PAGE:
A headline in the New York Times drew my eye this morning: “On a Battlefield of Civil Rights, Race Fades for Some Voters.” The story reported that “voters in an Alabama county that is more than 96 percent white chose a genial black man, James Fields, to represent them in the State House of Representatives.” Why, you might ask, is that front-page news more than 100 years after the Civil War?
Part of the answer is that we are still using brains evolved over millions of years to prefer what social psychologists call our “in-group”—those with whom we identify, who historically could help us survive as members of our collaborative tribe or clan. Our brains use shortcuts for such social identification, swiftly categorizing others—and ourselves—to avoid the energy-intensive processing of conscious thought. Often we do not even realize how extensively subconscious stereotypes shape our reactions, as two feature articles in this issue reveal.
The first, “The Social Psychology of Success,” by S. Alexander Haslam, Jessica Salvatore, Thomas Kessler and Stephen D. Reicher, looks at behavioral aspects. It explains how people’s performance is shaped by awareness of stereotypes. For example, when solving math problems, Asian women who think of themselves as female (stereotypically worse at math as compared with males) will perform less well than if they think of themselves as Asian (stereotypically better at math). Read the article to learn how to throw off the yoke of expectation. The second article, “Buried Prejudice,” by Siri Carpenter, digs into the neuroscience of implicit bias and how it affects cognition. Even basic visual preferences are skewed toward in-groups; studies show that we remember faces better if they match our own racial group.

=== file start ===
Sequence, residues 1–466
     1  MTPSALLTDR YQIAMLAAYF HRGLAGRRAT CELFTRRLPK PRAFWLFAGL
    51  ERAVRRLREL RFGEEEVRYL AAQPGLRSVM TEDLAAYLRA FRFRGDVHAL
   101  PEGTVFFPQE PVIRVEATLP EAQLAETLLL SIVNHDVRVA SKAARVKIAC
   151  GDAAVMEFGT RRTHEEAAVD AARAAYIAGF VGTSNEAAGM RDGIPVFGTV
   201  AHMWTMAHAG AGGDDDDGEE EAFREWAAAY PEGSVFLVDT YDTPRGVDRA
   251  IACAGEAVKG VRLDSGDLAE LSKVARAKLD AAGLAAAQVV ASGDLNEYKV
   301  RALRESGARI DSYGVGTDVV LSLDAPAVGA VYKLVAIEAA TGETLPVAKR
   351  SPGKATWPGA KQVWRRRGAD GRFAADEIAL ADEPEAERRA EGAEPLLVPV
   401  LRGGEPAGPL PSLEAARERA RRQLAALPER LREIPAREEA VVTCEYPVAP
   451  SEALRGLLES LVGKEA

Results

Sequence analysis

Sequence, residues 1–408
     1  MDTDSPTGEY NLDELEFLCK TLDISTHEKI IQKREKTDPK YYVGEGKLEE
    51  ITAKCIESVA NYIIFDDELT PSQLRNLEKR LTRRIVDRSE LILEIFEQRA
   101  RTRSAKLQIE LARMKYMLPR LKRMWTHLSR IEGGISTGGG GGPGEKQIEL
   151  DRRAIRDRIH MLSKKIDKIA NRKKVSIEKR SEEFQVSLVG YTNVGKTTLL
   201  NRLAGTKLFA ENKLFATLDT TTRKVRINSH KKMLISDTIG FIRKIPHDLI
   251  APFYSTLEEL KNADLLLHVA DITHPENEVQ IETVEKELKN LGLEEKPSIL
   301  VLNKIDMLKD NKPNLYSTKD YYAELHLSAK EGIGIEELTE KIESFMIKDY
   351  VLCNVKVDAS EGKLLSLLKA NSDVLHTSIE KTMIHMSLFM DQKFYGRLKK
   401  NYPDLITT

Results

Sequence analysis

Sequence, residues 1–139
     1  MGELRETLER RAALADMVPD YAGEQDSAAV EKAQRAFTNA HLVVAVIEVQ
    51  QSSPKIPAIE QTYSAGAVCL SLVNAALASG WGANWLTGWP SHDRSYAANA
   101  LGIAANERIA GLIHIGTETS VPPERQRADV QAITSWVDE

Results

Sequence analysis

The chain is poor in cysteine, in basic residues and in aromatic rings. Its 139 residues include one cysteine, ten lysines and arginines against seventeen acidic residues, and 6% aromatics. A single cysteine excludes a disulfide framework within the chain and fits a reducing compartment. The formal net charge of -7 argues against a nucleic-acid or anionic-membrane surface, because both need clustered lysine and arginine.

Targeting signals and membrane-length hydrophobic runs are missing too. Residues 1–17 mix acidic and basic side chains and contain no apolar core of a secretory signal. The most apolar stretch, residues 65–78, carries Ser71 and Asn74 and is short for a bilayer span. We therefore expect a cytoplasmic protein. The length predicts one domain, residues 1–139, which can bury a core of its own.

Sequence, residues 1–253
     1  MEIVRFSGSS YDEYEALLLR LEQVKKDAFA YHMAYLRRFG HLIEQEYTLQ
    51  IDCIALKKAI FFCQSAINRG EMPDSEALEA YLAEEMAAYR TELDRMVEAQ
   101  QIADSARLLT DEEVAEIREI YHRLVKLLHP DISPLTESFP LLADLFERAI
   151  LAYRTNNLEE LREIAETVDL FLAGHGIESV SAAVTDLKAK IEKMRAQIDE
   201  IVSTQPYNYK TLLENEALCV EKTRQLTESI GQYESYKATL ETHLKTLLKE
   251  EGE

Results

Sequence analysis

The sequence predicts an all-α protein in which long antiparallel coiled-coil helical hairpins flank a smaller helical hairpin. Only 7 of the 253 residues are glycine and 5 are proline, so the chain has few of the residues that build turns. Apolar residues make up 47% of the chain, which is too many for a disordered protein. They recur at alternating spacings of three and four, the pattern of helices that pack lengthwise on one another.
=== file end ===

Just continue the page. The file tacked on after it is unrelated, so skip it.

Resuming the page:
Are we stuck with our mental stereotypes? Not at all. After all, knowledge (about the brain) is power. As Haslam and company conclude, we “can learn to use stereotypes as tools of our own liberation. In short, who we think we are determines both how we perform and what we are able to become.”
This article was originally published with the title Great Expectations.